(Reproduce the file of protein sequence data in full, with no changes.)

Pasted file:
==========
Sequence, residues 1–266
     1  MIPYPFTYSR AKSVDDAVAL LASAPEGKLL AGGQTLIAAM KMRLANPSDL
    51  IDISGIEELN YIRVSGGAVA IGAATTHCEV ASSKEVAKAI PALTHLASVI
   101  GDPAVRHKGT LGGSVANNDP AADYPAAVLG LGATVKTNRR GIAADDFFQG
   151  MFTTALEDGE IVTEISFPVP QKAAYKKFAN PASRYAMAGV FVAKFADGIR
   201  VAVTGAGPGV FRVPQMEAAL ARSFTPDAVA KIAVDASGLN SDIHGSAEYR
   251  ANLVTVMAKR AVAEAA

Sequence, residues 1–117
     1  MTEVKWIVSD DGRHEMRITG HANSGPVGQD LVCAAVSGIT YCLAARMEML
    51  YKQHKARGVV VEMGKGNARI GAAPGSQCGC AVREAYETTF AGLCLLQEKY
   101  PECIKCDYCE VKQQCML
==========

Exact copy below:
Sequence, residues 1–266
     1  MIPYPFTYSR AKSVDDAVAL LASAPEGKLL AGGQTLIAAM KMRLANPSDL
    51  IDISGIEELN YIRVSGGAVA IGAATTHCEV ASSKEVAKAI PALTHLASVI
   101  GDPAVRHKGT LGGSVANNDP AADYPAAVLG LGATVKTNRR GIAADDFFQG
   151  MFTTALEDGE IVTEISFPVP QKAAYKKFAN PASRYAMAGV FVAKFADGIR
   201  VAVTGAGPGV FRVPQMEAAL ARSFTPDAVA KIAVDASGLN SDIHGSAEYR
   251  ANLVTVMAKR AVAEAA

Sequence, residues 1–117
     1  MTEVKWIVSD DGRHEMRITG HANSGPVGQD LVCAAVSGIT YCLAARMEML
    51  YKQHKARGVV VEMGKGNARI GAAPGSQCGC AVREAYETTF AGLCLLQEKY
   101  PECIKCDYCE VKQQCML